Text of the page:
-showcerts </dev/null 2>/dev/null | \
  openssl x509 -outform der -out sni.velox.ch.ee.der 2>/dev/null

... then build the data that has to be verified against the log's signature...

$ echo -n -e \\x00 > data.bin            # sct_version = v1 = 0x00, 1 byte
$ echo -n -e \\x00 >> data.bin           # signature_type = certificate_timestamp = 0x00, 1 byte
$ echo -n -e \\x00\\x00\\x01\\x45\
\\x9d\\xf9\\x7d\\x9c >> data.bin         # timestamp = 0x000001459df97d9c, 8 bytes
$ echo -n -e \\x00\\x00 >> data.bin      # entry_type = x509_entry = 0x0000, 2 bytes
$ # show length of DER end-entity certificate
$ echo "obase=16; `stat -c '%s' sni.velox.ch.ee.der`" | bc
4E2
$ echo -n -e \\x00\\x04\\xE2 >> data.bin # length of DER-encoded EE cert, 3 bytes
$ cat sni.velox.ch.ee.der >> data.bin    # DER-encoded EE cert
$ echo -n -e \\x00\\x00 >> data.bin      # extensions, none, 0-length, 2 bytes

... and finally verify it:

$ openssl dgst -sha256 -verify pilot_key.pem -signature signature.bin data.bin
Verified OK

Script

I wrote a small python script that summarizes these steps: https://github.com/pierky/sct-verify.

Using OpenSSL to receive SCTs via OCSP extension

For the sake of completeness, this is the builtin method provided by OpenSSL to obtain SCTs via OCSP; a response from the sslanalyzer.comodoca.com OCSP responder follows:

$ openssl s_client -connect sslanalyzer.comodoca.com:443 -status </dev/null
OCSP response:
======================================
OCSP Response Data:
    OCSP Response Status: successful (0x0)
    [...]
        Response Single Extensions:
            CT Certificate SCTs:
                Signed Certificate Timestamp:
                    Version   : v1(0)
                    Log ID    : 68:F6:98:F8:1F:64:82:BE:3A:8C:EE:B9:28:1D:4C:FC:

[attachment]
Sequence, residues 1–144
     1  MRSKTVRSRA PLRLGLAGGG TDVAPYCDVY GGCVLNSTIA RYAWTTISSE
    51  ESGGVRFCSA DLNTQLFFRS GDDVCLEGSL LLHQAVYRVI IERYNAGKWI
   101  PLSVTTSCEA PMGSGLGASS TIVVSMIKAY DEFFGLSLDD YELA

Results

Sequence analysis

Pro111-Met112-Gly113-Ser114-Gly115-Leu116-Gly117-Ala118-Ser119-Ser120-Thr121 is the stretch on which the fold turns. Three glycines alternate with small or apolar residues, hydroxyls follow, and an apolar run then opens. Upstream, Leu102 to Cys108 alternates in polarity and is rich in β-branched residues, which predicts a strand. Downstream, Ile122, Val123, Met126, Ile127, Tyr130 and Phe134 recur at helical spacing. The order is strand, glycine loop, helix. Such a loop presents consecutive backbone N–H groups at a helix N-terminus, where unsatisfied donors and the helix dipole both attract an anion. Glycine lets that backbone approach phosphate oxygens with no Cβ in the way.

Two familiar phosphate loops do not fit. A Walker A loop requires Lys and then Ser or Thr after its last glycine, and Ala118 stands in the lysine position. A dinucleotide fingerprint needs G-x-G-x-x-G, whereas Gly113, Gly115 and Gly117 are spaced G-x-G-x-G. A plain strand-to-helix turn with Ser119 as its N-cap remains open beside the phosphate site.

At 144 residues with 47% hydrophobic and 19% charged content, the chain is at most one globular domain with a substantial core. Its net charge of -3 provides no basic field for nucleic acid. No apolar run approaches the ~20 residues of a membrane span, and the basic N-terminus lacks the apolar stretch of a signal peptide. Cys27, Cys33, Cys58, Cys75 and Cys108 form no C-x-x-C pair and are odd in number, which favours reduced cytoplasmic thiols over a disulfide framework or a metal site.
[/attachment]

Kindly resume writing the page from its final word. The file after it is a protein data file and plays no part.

71:51:5D:67:93:D4:44:D1:0A:67:AC:BB:4F:4F:FB:C4
                    Timestamp : Apr 25 11:35:28.002 2014 GMT
                    Extensions: none
                    Signature : ecdsa-with-SHA256
                                30:44:02:20:19:AA:26:AF:C0:2C:92:B1:DD:71:75:1E:
                                AE:16:0C:9B:4E:8A:23:90:E4:75:A1:90:3C:E5:69:EF:
                                EE:9B:AD:2D:02:20:20:FB:14:DB:1E:3E:09:09:51:74:
                                1A:97:68:38:0E:64:18:2A:FA:F6:5F:2A:5C:77:EB:73:
                                3B:0D:D6:4D:CF:BB
                Signed Certificate Timestamp:
                    Version   : v1(0)
                    Log ID    : A4:B9:09:90:B4:18:58:14:87:BB:13:A2:CC:67:70:0A:
                                3C:35:98:04:F9:1B:DF:B8:E3:77:CD:0E:C8:0D:DC:10
                    Timestamp : Apr 23 21:08:37.767 2014 GMT
                    Extensions: none
                    Signature : ecdsa-with-SHA256
                                30:45:02:20:16:C2:50:36:17:32:AC:AC:B5:74:50:2B:
                                02:76:39:94:18:70:8A:7C:2C:0D:04:81:2A:09:C0:2F:
                                FE:26:20:71:02:21:00:F3:ED:1C:92:D2:A6:AC:3C:C5:
                                B3:54:DD:FE:4C:D1:DE:95:60:58:43:73:03:5E:6C:06:
                                12:D0:8E:EF:9A:F2:3D

Further reading

Tom Ritter blogged a nice post where he shows how to use Apache to send SCTs via TLS Extensions and also how to patch Chrome to require CT.

The following two tabs change content below.
Italian, born in 1980, I started working in the IT area in the late '90s; I'm now a system and network administrator with a deep knowledge of the global Internet and its core architectures.

3 Comments

  1. Nico says:

    Nice post!
    Chrome shows 3 fields named: embedded_scts, scts_from_ocsp_response, scts_from_tls_extension.

    With OpenSSL, I can get second and third but how do you get the first one (base64 encoded) with OpenSSL or another tool?

    Thank you
    Nico

    • AfroThundr says:

      The ’embedded_scts’ field refers to SCTs embedded in the certificate directly as an X.509v3 extension. They can be viewed using ‘openssl x509 -text -noout -in myCert.pem’ under the ‘CT Precertificate SCTs’ field.

  2. Theo says:

    Thank You Pier for this very good explanations. They helped me to write the python script `verify-scts` (https://github.com/theno/ctutlz) which uses the C-API of OpenSSL via PyOpenSSL and cffi to receive the SCTs via (pre-) cert, via TLS extension, and via OCSP extension.

    Theo

Leave a Reply